A friend has just left her boyfriend temporarily, because they got on too well. I'm not making this up. He is keen to start a family and she realised it isn't what she wants. So she's moved in with a friend to take some time to think it through.
The 21st century has brought more choices and one of them is not to have children. Fifty years ago, most thirtysomethings would have been parents of pubescent offspring. Now, the game has changed and the rules have yet to catch up.
What do you do in this situation? First and foremost, talk about it. But what if one of you really doesn't want the burden, the responsibility, the life and mind altering fact of a child?
A priest I know, who runs pre-marriage courses, is amazed how many couples decide to get married without thinking about children: "I think if you're setting a date then you need to know if you're thinking the same way about starting a family."
Dr Phil, the best bald counsellor on the subject of love and the expectations between men and women, has a few words about this: "If you want a baby and the person you love doesn't, there is no point coercing or ignoring the reticent partner's views. To have a baby you need to physically, mentally, emotionally and spiritually prepare, together."
It's not about checking when you ovulate then, but whether you're with the right person. A hard thing to do when you're married or have made a real commitment to them. But necessary.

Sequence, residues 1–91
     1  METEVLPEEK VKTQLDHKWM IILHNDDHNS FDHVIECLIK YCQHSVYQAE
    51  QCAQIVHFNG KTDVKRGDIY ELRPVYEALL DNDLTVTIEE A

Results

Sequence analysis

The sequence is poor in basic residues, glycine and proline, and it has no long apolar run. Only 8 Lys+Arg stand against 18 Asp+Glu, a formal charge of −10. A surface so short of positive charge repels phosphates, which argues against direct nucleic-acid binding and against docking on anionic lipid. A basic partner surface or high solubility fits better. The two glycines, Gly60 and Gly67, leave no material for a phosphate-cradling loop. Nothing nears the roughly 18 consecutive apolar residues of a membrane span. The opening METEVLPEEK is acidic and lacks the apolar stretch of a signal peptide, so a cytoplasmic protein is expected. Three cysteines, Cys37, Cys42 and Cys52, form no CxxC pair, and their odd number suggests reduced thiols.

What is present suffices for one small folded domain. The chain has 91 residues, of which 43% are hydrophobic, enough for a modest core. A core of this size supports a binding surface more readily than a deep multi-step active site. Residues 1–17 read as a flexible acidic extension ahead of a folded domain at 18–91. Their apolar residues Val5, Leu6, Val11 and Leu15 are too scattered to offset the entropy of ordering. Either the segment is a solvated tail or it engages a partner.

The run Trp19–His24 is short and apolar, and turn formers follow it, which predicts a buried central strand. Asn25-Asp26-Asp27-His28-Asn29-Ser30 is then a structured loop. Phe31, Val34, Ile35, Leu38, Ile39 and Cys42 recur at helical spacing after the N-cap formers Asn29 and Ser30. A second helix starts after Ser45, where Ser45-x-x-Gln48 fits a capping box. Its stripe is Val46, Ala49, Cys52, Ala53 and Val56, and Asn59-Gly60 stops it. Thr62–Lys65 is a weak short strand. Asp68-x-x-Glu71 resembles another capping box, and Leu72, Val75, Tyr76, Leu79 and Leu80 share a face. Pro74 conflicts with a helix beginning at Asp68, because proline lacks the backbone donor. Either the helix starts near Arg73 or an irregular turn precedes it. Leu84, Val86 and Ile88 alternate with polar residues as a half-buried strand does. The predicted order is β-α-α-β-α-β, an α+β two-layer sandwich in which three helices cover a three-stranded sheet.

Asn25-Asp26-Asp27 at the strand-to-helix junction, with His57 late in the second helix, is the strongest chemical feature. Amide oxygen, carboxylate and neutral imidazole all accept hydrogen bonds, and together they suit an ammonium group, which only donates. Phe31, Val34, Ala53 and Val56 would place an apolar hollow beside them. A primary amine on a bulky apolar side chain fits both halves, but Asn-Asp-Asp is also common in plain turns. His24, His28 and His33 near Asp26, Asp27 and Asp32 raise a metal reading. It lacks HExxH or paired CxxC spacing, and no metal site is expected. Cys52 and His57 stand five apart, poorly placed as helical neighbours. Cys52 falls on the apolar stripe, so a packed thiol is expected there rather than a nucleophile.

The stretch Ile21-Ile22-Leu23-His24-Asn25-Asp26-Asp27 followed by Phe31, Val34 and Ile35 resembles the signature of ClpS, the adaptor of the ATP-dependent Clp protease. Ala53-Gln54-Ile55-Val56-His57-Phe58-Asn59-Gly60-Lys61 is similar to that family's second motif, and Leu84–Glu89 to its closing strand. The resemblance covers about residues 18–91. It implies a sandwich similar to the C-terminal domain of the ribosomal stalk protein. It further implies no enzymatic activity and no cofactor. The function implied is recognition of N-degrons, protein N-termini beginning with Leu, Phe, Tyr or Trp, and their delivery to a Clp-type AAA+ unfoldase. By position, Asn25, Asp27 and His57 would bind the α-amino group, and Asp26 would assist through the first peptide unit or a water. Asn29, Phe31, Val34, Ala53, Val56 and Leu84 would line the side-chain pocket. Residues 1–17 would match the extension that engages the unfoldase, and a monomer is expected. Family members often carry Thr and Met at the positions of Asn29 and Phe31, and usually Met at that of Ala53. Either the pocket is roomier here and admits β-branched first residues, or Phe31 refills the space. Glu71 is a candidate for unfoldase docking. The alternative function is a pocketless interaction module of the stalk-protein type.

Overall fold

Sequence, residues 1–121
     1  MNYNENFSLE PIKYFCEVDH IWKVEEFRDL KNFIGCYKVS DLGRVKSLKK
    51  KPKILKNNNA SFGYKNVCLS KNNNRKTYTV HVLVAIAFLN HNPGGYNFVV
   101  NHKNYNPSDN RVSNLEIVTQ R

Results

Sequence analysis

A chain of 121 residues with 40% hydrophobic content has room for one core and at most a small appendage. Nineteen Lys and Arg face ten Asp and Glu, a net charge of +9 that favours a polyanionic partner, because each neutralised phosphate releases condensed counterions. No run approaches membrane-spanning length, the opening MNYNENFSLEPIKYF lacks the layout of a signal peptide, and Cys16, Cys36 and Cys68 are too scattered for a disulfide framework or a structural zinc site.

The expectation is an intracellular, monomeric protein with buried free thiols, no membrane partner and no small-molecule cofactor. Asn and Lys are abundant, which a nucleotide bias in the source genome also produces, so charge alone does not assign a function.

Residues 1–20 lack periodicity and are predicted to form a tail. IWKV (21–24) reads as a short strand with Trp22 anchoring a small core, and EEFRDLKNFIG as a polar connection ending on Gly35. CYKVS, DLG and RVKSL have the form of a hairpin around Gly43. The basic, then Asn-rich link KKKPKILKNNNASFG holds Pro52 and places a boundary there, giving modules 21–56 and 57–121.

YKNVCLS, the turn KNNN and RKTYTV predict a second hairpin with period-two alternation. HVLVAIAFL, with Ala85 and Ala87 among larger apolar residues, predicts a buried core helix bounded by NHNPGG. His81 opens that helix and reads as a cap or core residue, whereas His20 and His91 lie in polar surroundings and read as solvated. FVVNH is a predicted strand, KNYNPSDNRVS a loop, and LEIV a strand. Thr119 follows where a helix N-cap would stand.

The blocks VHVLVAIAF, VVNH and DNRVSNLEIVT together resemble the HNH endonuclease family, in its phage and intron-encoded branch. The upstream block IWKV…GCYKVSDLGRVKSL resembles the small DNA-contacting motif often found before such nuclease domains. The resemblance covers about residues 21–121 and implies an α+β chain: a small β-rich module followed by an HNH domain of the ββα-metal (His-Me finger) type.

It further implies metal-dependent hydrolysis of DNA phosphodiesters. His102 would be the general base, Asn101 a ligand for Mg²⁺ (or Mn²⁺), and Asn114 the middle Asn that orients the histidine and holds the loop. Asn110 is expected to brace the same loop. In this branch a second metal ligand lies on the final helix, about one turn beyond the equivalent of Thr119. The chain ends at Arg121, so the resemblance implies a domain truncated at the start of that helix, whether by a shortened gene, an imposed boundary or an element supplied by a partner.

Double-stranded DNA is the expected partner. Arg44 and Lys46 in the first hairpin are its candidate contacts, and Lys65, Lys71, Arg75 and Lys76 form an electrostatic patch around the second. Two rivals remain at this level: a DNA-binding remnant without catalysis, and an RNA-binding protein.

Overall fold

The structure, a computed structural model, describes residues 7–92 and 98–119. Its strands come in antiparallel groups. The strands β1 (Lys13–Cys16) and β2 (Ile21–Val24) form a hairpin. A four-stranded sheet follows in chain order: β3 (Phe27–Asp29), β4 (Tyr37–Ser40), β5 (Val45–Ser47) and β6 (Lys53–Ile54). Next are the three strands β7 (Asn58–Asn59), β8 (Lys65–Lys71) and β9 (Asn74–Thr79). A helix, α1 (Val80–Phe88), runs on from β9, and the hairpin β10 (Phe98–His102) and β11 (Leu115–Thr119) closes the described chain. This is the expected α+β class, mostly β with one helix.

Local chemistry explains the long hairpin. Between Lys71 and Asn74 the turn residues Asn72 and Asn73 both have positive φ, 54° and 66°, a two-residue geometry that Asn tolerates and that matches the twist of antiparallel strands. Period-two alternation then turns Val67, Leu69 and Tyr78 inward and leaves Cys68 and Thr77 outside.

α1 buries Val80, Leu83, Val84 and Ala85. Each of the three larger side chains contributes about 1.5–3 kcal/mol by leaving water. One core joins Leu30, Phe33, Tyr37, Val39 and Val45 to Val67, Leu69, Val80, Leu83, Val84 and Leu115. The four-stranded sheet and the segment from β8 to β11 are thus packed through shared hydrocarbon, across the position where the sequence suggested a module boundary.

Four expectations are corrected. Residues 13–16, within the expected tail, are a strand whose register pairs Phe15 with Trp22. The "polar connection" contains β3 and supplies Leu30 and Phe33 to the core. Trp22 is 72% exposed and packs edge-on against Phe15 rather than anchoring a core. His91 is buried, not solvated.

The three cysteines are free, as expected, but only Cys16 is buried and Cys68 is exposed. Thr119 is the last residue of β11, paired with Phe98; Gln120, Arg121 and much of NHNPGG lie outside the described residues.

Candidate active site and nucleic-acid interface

When I conceived I was 32 and, up to one month before I did, I was unsure about having children. A conversation with an older woman persuaded me that my fear was not knowing what would happen to me when I became a mother. I got real and got pregnant straight away with twins. If their dad and I hadn't really wanted them then I don't know what I would have done when they arrived. I needed his help so much. When it came to whether we would have more children there were two obstacles: we might have twins again and he didn't want another baby.
I didn't want to coerce my partner or put the pressure of another multiple pregnancy and delivery on us and our boys. I struggled with baby hunger and the older wiser woman again set me straight: "It's a biological need, as well as an emotional one. Remember that when you're facing up to your decision."
It's even harder for couples who haven't had a child, when only one wants to. One woman I know of has been honest that she doesn't and had a lot of guys walk away. She has become a brilliant stepmother. And I know one man who went through with conceiving for his wife's sake: "It was a really testing time. I didn't know whether I would be able to love the baby. I really only got my head on straight when they put my daughter in my arms". Many people who persuade a partner to have a child rely on this moment to work its magic, and it does for most. But alongside joy it brings sleepless nights, endless responsibilities and financial pressure that can buckle the strongest.
Taking the decision together, working through issues before you have a nine-month deadline imposed, can make all the difference.